Welcome to my guest Roland Clarke who tells us about his famous family, researching on Wikipedia - and gin!
When I was growing up, I was often told that my Quaker ancestors had helped bring an end to the repercussions of ‘Mother’s Ruin’ by promoting beer.
This made some sense as the family had been involved with the brewing firm of Truman Hanbury & Buxton.
So when Maureen Vincent-Northam asked me to write about those ancestors, I began wondering whether that was just a family legend, whether that would be an interesting starting-point. Was there was some truth behind the story?
|Thomas Fowell Buxton|
Although Thomas Fowell wasn’t a Quaker, as they were, he was a committed social reformer and in the forefront of the abolitionist movement, succeeding William Wilberforce as its parliamentary leader in the House of Commons, having been elected an MP in 1818.
And as Wikipedia says, ‘In 1808, Buxton's Hanbury family connections led to an appointment to work at the brewery of Truman, Hanbury & Company, in Brick Lane, Spitalfieds, London. In 1811 he was made a partner in the business, renamed Truman, Hanbury, Buxton & Co. Later he became sole owner.’
Although I am always wary of treating Wikipedia as gospel, I find it is a useful starting point for any research, and from there I can corroborate the facts using other sources. In this case, my late mother had a lot of Buxton books that she was given by my paternal grandmother, who was born Rebekah Mary Buxton in 1900 – a direct descendent of Sir Thomas Fowell Buxton. Among these was “Buxton the Liberator” by R H. Mottram in 1883, which confirms almost all the facts, as do some of the other sources that I found – referenced in this article or at the end.
There were no direct references to Mother’s Ruin in any of these initial sources, but on Historic UK I found an article on Mother’s Ruin, and in it the following sentences:
“Gin had become the poor man's drink as it was cheap, and some workers were given gin as part of their wages. Duty paid on gin was 2 pence a gallon, as opposed to 4 shillings and nine pence on strong beer.”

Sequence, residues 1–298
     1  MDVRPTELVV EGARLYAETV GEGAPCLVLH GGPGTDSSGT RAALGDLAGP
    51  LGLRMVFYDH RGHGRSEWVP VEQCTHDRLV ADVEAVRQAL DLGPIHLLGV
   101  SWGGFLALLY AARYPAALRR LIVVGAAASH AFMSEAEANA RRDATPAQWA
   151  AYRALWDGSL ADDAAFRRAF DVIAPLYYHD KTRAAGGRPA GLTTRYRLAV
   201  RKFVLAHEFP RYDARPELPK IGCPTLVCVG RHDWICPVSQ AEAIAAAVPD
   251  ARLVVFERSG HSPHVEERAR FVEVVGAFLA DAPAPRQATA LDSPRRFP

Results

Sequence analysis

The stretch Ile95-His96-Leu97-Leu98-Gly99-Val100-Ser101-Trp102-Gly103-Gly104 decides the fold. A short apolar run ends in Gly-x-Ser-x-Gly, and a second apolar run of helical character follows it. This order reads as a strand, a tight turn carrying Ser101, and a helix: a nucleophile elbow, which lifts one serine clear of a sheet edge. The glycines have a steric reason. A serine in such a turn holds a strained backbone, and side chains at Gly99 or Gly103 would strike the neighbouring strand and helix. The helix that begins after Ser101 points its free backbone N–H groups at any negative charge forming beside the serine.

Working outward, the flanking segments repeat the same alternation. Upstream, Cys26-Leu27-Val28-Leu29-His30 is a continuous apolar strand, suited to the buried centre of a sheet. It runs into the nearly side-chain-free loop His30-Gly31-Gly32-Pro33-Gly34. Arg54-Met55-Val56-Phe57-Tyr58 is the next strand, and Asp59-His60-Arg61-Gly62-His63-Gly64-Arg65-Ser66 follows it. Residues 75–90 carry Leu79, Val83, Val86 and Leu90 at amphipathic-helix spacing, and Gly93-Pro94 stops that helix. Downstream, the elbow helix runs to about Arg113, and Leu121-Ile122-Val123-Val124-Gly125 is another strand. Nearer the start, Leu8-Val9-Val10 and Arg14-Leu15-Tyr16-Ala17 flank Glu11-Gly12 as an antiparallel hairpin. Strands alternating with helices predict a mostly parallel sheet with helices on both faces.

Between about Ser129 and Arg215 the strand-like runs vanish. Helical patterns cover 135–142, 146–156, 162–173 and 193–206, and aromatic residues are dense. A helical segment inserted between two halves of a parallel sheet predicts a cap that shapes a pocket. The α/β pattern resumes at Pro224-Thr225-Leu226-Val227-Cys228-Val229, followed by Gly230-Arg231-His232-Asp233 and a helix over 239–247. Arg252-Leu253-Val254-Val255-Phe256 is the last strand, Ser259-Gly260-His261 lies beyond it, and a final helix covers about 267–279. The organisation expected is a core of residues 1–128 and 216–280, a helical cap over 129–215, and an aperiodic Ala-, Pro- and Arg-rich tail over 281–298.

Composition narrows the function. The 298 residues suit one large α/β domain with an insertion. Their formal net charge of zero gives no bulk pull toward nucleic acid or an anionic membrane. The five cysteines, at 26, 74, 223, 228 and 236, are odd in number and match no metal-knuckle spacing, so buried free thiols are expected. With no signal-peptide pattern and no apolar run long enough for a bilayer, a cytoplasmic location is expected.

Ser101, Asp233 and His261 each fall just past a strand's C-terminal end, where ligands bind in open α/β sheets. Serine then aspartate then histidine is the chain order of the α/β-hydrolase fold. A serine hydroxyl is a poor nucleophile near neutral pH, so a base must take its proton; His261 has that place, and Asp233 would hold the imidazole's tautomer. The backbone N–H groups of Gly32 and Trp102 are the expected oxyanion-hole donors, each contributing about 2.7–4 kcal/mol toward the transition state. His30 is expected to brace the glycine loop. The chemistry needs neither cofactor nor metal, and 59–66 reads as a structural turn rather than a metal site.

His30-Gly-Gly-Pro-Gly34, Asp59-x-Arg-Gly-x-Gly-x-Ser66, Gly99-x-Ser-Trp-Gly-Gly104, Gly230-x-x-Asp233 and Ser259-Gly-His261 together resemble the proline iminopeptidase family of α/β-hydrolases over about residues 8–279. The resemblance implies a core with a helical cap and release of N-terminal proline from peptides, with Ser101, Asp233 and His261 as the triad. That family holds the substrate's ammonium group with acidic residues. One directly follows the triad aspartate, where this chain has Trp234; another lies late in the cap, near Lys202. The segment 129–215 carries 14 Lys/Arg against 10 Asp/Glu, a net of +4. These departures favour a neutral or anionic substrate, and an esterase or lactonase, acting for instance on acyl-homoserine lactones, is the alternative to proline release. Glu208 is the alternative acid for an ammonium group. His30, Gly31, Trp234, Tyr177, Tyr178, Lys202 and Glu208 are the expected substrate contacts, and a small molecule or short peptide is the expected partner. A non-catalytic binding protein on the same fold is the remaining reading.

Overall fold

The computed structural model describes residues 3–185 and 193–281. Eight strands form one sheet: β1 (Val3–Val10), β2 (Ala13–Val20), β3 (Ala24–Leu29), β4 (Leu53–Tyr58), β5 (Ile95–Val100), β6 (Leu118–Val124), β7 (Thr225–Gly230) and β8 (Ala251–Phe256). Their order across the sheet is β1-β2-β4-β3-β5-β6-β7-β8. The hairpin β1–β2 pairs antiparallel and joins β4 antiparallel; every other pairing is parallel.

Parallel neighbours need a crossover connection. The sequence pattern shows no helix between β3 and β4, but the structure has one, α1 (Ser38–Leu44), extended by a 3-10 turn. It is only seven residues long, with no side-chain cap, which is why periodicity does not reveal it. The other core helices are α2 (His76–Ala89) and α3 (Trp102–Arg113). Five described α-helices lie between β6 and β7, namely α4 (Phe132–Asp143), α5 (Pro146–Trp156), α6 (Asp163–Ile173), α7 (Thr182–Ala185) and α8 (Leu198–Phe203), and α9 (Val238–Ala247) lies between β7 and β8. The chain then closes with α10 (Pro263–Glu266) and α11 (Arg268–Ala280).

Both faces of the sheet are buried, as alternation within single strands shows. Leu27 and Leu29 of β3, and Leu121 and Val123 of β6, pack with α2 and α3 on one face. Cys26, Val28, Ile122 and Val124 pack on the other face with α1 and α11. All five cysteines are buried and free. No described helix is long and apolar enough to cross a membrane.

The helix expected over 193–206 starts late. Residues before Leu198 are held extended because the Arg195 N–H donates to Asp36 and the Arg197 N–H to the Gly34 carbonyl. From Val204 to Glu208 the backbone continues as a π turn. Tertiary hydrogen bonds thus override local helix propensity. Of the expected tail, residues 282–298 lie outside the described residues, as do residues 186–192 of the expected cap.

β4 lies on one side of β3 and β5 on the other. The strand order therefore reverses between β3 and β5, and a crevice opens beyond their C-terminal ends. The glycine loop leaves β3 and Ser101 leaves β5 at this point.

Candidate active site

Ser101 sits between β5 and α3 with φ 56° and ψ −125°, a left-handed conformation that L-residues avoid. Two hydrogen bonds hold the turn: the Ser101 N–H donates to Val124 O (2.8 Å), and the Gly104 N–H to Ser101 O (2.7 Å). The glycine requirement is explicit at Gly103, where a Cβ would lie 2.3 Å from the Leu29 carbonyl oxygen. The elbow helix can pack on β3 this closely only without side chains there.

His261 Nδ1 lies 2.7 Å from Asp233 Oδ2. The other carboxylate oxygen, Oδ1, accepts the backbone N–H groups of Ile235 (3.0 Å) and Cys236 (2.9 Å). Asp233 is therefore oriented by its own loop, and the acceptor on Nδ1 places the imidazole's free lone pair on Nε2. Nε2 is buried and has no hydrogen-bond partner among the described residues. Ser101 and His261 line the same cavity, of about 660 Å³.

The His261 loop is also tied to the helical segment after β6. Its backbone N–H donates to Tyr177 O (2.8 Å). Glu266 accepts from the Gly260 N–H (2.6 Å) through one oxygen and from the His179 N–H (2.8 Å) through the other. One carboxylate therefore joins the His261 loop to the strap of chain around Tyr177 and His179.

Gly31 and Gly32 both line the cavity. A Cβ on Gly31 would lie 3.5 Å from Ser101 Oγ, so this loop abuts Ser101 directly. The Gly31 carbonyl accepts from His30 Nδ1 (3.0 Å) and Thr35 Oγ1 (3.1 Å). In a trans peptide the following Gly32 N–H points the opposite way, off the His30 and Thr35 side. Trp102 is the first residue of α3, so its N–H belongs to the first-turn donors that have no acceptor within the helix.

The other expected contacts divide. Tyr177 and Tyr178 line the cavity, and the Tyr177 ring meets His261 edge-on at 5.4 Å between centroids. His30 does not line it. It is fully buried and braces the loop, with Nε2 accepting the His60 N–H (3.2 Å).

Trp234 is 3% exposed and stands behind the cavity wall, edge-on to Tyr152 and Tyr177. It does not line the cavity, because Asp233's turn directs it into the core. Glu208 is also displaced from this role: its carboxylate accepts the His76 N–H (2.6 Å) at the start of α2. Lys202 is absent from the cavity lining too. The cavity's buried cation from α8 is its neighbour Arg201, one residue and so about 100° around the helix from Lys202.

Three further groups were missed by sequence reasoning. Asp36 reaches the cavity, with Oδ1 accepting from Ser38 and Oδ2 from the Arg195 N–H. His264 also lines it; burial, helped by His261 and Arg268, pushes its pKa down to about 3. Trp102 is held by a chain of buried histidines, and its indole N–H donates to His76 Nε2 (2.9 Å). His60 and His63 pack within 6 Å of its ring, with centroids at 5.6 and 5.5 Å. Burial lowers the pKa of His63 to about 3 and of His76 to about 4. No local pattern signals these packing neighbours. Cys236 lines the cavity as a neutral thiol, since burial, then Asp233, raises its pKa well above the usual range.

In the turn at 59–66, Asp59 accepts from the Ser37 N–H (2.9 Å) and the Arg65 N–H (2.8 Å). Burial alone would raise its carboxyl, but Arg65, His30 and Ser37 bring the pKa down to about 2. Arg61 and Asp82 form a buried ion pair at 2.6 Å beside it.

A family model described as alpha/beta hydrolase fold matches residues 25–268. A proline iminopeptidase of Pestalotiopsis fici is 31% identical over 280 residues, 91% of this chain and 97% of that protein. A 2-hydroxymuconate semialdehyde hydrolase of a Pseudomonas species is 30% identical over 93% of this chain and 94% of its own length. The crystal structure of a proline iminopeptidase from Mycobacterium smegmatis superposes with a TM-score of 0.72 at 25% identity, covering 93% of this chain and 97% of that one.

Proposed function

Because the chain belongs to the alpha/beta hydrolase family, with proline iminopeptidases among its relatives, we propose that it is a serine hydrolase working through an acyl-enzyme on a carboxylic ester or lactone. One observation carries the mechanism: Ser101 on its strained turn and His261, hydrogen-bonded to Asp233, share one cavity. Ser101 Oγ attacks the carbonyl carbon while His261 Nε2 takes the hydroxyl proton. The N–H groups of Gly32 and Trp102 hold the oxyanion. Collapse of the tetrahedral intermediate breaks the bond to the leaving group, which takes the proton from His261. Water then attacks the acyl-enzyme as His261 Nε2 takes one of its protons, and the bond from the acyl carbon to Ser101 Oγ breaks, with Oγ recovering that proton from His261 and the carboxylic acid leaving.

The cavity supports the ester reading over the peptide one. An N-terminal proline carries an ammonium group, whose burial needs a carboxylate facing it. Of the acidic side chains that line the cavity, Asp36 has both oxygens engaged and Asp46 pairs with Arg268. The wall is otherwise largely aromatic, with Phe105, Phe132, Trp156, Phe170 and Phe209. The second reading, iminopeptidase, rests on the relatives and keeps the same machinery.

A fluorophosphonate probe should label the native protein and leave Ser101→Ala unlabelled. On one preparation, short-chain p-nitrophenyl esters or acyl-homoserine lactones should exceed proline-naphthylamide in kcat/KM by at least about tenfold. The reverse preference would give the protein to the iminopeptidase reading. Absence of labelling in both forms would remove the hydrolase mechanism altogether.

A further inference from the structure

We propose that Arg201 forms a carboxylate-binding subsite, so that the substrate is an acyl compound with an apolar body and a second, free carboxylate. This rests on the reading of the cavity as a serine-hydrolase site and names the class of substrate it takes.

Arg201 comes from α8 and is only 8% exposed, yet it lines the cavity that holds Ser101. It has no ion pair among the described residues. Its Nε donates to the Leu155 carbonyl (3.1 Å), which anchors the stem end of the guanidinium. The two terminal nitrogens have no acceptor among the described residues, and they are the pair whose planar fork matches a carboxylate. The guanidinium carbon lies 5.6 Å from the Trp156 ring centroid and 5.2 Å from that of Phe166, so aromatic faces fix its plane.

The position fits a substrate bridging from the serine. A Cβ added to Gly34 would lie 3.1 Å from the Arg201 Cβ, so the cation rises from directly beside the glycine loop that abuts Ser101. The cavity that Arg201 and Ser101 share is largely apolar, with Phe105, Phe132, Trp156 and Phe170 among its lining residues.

“Gin was the opium of the people, it led them to the debtors' prison or the gallows, ruined them, drove them to madness, suicide and death, but it kept them warm in winter, and allayed the terrible hunger pangs of the poorest.”
“In 1830 the Duke of Wellington's administration passed the Sale of Beer Act, which removed all taxes on beer, and permitted anyone to open a Beer Shop on payment of a two-guinea fee.
This Bill virtually ended the traffic in gin smuggling.
By the end of 1830 there were 24,000 beer shops in England and Wales, and six years later there were 46,000 and 56,000 Public Houses.”
In the same year, there was, according to Wikipedia, the Beerhouse Act, which would have had thesame effect.
Did Thomas Fowell Buxton vote in favour of either Act? Would a brewer vote to enable anyone to brew and sell beer on payment of a licence costing two guineas?
The Duke of Wellington’s administration were Tories, while Buxton was nominally a Whig. On his election in 1818, his friend and future brother-in-law, Joseph Gurney, wrote to him arguing: “Do not let thy independence of all party be the means of leading thee away from sound Whiggism. Let us take special care to avoid the spirit of Toryism. I mean that spirit which bears the worst things with endless apathy, because they are old.”
The Hansard record of the passage of the Beer Act in 1830 include an interesting record on Mr F Buxton’s opinion.
“Mr F Buxton, while admitting that the fears entertained of this measure, as far as the brewers were concerned, had been greatly exaggerated, contended that the loss to the publicans would be as great, if not greater, than was anticipated. There had only been one or two instances of petitions being presented in favour of the clause under the consideration of the House, while hundreds had been presented against it. He did not mean to say that the measure would be positively bad; but it would at any rate, be questionable. By it public-houses might be opened during all hours of the night, and in any places, and no security was given for their being properly conducted, for the fine or penalty proposed by the Bill was no security at all. At present there was some difficulty found in keeping public-houses in good order, though the publican was liable to have his license taken away, which was equal to a fine of 500l. What then would be the state of the case where the fine was only 2l.10s. He conceived that the other parts of the Bill contained innovations, sufficient to satisfy the advocates of free-trade, and he hoped the House would refuse to accede to the introduction of any more. If at a future period it should be found necessary to make any fresh innovations, then let them be done, but he thought some consideration ought at present to be extended to the publicans. He should support the Amendment of the hon. Member, which was exactly in accordance with a clause introduced into the bill of an hon. and learned Gentleman some years back.”
At this stage of my investigations, I sense that Buxton voted for the Bill, once the amendment under discussion was defeated, and that the large breweries went on to benefit from the growth in outlets. And Mother’s Ruin met its demise – for a while.
Of course the fascination with my ancestors doesn’t end there. Sir Thomas Fowell Buxton’s greatest achievement was as an abolitionist, helping to end the slave trade in the British Empire. And then there are the social and criminal justice achievements of his Quaker in-laws the Gurneys, who continued their connection with the Buxton family down the generations. Maybe I will talk about them another time.
For now, thanks Maureen for letting me ramble.
Sir Thomas Fowell Buxton
Trumans, brewing and gin